“Yes, but did people in films ever immolate themselves for a cause?”
“I don’t think I’ve watched enough movies to figure that out.”
“The police seem to have had a couple of rough days, stopping people from setting themselves on fire.”
“You know, they should have a suicide complex.”
“I think they already do. Though Freud may have called it a preoccupation or obsession, rather than a complex.”
“No, no, I wasn’t using complex in the psychological sense. I meant like a shopping complex. This way, people could just queue up in a single place to bring attention to their causes. It would spare the police and media a lot of running around too.”

“So they just pay for the kerosene, declare their cause, and get stopped by the police?”
“Well, unless the cops are on a break or something.”
“But imagine the traffic diversions around the place!”
“You’re right. Maybe they should allow them to go through with it, you know. No ambulances allowed in the area, free supply of kerosene and matchsticks, only come in if you’re serious about committing suicide.”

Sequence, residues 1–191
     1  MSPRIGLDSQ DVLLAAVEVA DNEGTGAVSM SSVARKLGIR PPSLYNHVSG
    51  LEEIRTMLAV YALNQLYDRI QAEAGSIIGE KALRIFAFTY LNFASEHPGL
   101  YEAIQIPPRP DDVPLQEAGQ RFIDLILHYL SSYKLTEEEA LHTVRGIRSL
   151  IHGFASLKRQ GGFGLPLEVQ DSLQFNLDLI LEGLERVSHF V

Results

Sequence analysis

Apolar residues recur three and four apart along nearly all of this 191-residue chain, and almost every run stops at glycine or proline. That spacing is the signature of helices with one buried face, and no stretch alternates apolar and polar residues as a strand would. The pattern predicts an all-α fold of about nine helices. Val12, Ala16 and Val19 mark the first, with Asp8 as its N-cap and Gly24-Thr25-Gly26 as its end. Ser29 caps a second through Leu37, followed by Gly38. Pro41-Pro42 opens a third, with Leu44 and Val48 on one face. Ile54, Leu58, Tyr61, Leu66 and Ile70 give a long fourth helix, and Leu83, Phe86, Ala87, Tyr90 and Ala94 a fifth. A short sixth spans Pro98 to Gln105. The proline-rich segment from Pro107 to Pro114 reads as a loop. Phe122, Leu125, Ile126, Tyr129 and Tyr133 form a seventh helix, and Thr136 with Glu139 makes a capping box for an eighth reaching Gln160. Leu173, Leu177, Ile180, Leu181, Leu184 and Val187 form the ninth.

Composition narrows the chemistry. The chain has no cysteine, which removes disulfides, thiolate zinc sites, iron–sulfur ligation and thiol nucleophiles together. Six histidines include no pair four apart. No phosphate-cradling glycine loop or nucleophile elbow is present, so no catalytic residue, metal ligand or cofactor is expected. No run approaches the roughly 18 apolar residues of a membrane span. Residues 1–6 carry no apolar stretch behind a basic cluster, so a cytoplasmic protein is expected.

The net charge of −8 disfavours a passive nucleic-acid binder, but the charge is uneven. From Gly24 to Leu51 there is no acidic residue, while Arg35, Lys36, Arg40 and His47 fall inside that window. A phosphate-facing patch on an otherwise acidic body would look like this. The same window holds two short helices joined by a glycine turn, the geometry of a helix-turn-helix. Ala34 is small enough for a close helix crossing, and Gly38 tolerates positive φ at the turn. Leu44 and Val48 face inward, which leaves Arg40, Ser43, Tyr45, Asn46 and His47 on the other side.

“But I think they’ll have a lot of takers for that too. The Corporation’s brought in free cremation and burial facilities too, now. How will they handle the crowd?”
“I suppose they could allot a quota, going by the standard reservation system.”
“Hey, that’s not fair. What about suicidal Brahmins?”
“Oh, they can always migrate to Silicon Valley and kill themselves.”
“Do you know how hard it is to get a visa? And it’s not like Brahmins ever stopped people from killing themselves. In fact, they’ve been aiding and abetting suicide for aeons. I mean, given that it’s Onam time and all, think of the Vamana Avatar!”
“Yeah, well, deal with it. But I think self-immolation has become a popular enough pastime to be given its own designated space. Maybe at the Collectorate? And they could issue tenders for fuel suppliers.”
“Well, with government buildings going green, they may consider using electric incinerators instead.”